WRITING IS FUN … isn’t it?


Remembering why I write is hard sometimes. Remembering that I love it, and that it’s supposed to be fun – rather than hair-tearing and stressful, and often squeezed into a corner of the day rather than prioritised. Why is this so difficult?


When I was little, I wrote all the time. I had a little notebook with a picture of a poodle on the cover, given to me by my grandmother, and for some reason I wrote in it using a green felt-tip pen. I wasn’t even a stationery addict back then – I just wrote on the first thing that came to hand. It was quite a small notebook, and these days I’d scoff at it and say it was far too small and impractical. ‘I need book with space, with smooth, thick paper to do justice to my huge ideas. And a proper pen, an expensive fineliner or a fountain pen, something that helps my thoughts to flow …’




Seriously. Stationery porn is a part of my life, and I’m not going to deny that notebooks filled with gorgeous cream vellum, and a panoply of stylish and aesthetically-thrilling pens make my heart beat faster – but Get Over It. The stories I scribbled in my tiny book, with the rather ugly, winsome, Hallmark poodle on the cover, in ink that stained my fingers a lurid green, were full of imagination. And freedom. And passion. I used to immerse myself in those stories, and hours would pass. Long, happy hours, in which I escaped from the humdrum of school, chores, who was whose best friend that week and why my socks would never stay up, and disappear into whichever world I felt like creating that day. I never thought about where these pieces of writing would end up, or if anyone would read them – I just wrote, caught up in the fun of taking an idea and turning it into something; seeing where it went. It was all about that fun, and discovery, and very simple, unadulterated JOY. And ‘unadulterated’ is an interesting word, isn’t it? Its actual meaning is to mess with something and, by implication, make it less powerful, or inferior. But I think that with writing, we ‘adulterate’ by literally becoming too adult about our work – too shy, embarrassed, self-critical, perfectionist, and nervous of negative reaction. No wonder the joy starts to dissipate!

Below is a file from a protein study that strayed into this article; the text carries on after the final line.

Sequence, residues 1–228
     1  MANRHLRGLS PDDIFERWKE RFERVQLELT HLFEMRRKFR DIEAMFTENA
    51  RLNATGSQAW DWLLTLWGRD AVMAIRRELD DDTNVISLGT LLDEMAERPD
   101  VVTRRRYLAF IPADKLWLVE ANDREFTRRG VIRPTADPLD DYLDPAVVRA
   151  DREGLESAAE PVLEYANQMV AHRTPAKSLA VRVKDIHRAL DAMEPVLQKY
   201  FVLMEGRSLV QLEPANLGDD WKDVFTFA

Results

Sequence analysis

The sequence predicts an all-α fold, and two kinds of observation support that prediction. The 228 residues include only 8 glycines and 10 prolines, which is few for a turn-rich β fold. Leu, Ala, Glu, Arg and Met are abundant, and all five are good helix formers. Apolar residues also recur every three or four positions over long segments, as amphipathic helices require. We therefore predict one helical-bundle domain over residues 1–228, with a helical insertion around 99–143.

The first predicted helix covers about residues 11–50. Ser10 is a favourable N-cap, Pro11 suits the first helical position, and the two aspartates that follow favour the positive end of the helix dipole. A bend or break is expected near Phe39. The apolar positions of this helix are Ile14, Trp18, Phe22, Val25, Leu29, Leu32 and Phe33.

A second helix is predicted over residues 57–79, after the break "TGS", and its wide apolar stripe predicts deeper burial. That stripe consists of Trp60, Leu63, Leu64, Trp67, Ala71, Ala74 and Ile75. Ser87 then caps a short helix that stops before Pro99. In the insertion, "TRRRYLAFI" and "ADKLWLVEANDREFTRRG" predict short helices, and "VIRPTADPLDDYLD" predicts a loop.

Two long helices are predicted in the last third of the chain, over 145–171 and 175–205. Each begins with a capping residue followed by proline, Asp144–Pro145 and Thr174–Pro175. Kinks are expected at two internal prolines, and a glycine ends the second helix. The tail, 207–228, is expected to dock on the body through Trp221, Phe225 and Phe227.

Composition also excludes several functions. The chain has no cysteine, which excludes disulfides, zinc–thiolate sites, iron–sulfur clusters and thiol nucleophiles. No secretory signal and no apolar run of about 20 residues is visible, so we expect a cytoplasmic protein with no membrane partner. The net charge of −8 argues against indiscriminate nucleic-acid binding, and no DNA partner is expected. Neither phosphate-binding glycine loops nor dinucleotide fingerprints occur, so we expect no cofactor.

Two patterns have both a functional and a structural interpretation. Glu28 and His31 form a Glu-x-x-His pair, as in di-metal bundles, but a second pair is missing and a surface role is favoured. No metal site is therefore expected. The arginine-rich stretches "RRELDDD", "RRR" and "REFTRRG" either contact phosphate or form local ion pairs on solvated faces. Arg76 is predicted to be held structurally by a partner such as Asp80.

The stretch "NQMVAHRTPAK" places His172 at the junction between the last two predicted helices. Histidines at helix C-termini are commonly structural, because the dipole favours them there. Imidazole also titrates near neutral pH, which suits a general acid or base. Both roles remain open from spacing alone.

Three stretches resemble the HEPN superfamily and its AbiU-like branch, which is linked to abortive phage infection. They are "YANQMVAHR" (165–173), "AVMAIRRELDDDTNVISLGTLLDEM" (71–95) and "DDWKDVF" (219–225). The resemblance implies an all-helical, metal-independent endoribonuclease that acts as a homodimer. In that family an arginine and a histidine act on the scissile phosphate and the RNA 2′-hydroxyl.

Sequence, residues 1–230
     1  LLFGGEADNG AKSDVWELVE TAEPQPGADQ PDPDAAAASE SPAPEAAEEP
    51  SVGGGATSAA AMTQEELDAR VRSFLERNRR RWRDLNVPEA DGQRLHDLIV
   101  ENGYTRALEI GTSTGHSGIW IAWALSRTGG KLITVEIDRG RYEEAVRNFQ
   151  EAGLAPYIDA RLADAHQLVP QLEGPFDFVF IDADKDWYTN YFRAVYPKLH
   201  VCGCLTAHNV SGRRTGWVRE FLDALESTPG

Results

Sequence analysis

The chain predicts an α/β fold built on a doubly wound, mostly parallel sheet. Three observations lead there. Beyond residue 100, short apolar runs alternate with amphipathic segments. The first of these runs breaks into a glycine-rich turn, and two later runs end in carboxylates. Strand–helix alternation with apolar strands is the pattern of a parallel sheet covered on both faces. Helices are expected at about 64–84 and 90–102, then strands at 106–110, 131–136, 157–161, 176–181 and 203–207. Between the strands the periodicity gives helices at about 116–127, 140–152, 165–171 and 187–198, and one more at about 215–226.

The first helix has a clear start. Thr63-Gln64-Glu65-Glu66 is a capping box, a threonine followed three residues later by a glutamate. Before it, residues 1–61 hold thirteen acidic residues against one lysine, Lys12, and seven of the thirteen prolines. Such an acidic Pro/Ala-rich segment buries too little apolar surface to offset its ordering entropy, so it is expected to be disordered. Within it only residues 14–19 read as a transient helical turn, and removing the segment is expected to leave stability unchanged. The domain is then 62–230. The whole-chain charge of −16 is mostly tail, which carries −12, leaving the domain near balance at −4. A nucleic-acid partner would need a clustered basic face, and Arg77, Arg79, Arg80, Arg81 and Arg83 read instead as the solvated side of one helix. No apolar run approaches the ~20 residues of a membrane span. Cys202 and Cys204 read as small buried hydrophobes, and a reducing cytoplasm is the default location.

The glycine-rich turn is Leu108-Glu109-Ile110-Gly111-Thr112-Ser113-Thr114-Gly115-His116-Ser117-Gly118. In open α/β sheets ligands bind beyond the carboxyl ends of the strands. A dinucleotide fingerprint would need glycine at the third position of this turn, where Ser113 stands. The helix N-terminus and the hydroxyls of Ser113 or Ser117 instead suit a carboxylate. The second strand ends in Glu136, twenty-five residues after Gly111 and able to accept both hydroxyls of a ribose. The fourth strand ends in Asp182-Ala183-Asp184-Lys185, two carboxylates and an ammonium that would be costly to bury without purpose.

Hard as it is, I would urge you to try to ditch the adult when writing. Obviously we need a mature outlook, and the ability to judge, edit and improve – I’m not saying that my childhood green scribbles were brilliant, by any means. I’m blushing just thinking about them.  But that maturity is needed later, once the initial rush of creativity has settled down for a breather. I really think that if we can dig deep, and find the energy and passion that we all had before bad teachers, critics or just Mean People made it a bit more nerve-wracking to think of putting our work out there – then it would be a whole lot easier to find the lightness and the fun again.